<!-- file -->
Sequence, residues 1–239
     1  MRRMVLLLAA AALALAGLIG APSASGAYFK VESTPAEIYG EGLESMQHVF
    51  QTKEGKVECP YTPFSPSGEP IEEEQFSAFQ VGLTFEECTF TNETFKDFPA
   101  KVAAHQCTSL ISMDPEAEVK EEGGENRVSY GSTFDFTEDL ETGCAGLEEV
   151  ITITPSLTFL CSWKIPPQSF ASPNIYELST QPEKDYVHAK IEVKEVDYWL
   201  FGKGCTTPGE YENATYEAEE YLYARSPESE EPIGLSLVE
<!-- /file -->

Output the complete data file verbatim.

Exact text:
Sequence, residues 1–239
     1  MRRMVLLLAA AALALAGLIG APSASGAYFK VESTPAEIYG EGLESMQHVF
    51  QTKEGKVECP YTPFSPSGEP IEEEQFSAFQ VGLTFEECTF TNETFKDFPA
   101  KVAAHQCTSL ISMDPEAEVK EEGGENRVSY GSTFDFTEDL ETGCAGLEEV
   151  ITITPSLTFL CSWKIPPQSF ASPNIYELST QPEKDYVHAK IEVKEVDYWL
   201  FGKGCTTPGE YENATYEAEE YLYARSPESE EPIGLSLVE